On Demand Weekly provides new movie reviews of hot movies and shows on demand from the POV of watching from the comfort of your home. Today’s review: THORNE (Encore).
THORNE: SCAREDY CAT
It’s Raining Red Herrings
Are you a fan of “The Killing?” Do you like sullen atmospheres and troubled, in-need-of-therapy, but good-looking detectives? Then Tom Thorne is for you. Encore brings two (the equivalent of 6 British) episodes of the UK series to the US: “Thorne: Sleepyhead” and “Thorne: Scaredy Cat” based on the crime novels by Mark Billingham.
Brought to tortured life by David Morrissey (who also executive produces), Tom Thorne is the epitome of tortured cop. Looking like a cross between Liam Neeson and Stephen Moyer (True Blood), neither of whom are slouches in the booding department, Morrissey’s Thorne could partner right up with Sarah Linden (Mereille Enos), but of course, being the troubled soul who doesn’t always play by the book, he’s better off going it alone.
Going it alone, however, doesn’t mean going without a top-notch supporting cast which includes Aiden Gillen (Littlefinger on “Game of Thrones,” looking so different it took me quite a while to place the face) as Thorne’s medical examiner best buddy, Phil, and Eddie Marsan as his out-to-get him superior officer. The gorgeous Natasha McElhone is his love-interest in Sleepyhead, and Sandra Oh with an English accent is a coke-addicted fellow detective in Scaredycat.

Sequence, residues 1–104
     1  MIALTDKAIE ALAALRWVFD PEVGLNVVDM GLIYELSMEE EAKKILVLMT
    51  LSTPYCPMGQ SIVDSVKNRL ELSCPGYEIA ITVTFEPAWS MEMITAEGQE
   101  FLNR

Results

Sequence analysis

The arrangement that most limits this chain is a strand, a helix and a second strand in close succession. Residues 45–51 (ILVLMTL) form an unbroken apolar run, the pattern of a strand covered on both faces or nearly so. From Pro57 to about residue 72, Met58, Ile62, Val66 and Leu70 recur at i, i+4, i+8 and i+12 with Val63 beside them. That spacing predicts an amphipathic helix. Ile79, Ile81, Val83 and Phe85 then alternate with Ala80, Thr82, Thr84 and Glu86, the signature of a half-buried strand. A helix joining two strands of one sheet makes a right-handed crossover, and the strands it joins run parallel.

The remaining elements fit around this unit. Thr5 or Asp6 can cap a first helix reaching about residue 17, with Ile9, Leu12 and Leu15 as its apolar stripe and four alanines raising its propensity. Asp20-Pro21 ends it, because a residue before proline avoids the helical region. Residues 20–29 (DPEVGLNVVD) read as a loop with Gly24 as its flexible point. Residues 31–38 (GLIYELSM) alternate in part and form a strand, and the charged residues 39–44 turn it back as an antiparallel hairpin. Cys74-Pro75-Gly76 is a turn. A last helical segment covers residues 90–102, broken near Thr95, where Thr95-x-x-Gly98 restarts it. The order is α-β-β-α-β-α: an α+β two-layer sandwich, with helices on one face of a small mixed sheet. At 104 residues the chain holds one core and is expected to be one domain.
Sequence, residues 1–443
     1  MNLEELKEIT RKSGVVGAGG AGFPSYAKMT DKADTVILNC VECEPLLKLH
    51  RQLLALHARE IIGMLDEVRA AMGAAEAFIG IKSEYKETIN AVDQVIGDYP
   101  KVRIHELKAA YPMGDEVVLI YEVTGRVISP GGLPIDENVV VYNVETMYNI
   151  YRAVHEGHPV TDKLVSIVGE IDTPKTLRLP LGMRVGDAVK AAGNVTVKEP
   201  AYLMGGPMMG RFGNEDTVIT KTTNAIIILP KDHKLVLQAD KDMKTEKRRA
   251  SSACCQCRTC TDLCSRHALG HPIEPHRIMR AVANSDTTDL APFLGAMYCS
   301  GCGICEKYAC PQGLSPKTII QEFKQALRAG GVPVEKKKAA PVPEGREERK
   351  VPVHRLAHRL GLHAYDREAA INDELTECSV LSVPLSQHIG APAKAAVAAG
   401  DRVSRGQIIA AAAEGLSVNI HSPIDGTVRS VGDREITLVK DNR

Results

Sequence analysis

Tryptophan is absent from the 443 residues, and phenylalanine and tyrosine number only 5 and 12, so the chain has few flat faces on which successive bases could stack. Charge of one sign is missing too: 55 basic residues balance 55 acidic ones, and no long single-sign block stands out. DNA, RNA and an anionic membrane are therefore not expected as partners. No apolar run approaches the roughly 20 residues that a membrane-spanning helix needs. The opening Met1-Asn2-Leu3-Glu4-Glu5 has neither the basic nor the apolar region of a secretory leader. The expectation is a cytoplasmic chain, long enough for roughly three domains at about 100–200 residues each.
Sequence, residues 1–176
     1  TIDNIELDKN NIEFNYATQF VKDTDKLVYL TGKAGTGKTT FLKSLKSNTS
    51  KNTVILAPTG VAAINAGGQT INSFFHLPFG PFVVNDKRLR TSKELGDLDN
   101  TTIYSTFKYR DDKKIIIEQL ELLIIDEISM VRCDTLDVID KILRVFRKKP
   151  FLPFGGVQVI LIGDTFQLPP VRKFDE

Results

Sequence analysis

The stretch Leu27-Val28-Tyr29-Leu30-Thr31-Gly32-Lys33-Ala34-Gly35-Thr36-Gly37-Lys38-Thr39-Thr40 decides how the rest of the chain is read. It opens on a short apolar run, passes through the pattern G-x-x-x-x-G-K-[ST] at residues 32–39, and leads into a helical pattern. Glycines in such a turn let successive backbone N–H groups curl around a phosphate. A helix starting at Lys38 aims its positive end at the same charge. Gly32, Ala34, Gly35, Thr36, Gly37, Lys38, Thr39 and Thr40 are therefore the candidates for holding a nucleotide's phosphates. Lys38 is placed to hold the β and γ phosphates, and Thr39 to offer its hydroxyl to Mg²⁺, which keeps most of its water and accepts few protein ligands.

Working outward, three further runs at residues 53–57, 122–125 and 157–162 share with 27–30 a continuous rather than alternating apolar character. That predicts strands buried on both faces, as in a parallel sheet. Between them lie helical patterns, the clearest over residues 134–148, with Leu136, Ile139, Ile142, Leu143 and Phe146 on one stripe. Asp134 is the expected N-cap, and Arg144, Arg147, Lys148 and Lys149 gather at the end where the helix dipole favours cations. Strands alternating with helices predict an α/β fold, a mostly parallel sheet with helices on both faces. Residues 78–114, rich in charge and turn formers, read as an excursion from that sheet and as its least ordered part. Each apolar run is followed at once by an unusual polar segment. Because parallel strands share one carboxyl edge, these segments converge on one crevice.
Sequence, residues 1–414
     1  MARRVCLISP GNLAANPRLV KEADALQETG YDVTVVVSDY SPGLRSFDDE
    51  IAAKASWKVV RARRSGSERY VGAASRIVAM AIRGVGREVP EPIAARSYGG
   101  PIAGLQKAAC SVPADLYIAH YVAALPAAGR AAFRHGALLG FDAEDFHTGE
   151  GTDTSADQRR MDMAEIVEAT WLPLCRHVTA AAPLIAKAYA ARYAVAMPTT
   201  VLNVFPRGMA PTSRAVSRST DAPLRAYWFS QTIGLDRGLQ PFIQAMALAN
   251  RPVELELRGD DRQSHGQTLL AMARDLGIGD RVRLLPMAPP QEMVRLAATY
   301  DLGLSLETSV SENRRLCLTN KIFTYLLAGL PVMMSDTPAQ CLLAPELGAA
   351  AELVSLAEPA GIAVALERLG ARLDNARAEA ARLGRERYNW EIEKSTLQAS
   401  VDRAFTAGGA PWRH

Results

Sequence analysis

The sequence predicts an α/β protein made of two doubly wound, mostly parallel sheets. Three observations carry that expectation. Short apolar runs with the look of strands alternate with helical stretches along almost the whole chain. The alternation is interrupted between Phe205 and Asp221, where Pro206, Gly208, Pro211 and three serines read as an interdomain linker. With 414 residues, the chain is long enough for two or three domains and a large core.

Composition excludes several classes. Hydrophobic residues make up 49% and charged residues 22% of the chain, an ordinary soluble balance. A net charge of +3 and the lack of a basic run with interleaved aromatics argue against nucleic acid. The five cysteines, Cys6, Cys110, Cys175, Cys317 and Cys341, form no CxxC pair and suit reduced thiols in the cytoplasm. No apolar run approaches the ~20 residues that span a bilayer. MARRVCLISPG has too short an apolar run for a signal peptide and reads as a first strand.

Overwhelmingly sound designed, the effects and music are so ever-present that it can get confusing, especially with some of the thicker accents. The same is true of the special effects of present-day characters watching themselves in the past. The plot is convoluted enough and the red herrings abound as one after another character behaves suspiciously.
Scaredycat is less dependent on effects than the first part, Sleepyhead, so I hope if the series goes on, they continue to rely less on whiz-bang effects that get in the way of the story.
But the fine cast keeps the focus as the frustrations (and body count) rise. Especially excellent is Sara Lloyd-Gregory as one of the few victims who survives, sort of. Completely paralyzed except for slight eye movements, she is the only one who can identify the killer.
If you’ve got room for another police procedural,
this is one for you.
THORNE can be found on Encore On Demand
Jean Tait is a contributing writer to On Demand Weekly. Currently the Director of Programming for the Connecticut Film Festival, Jean has programmed for the Jacksonville Film Festival and Sundance Channel.
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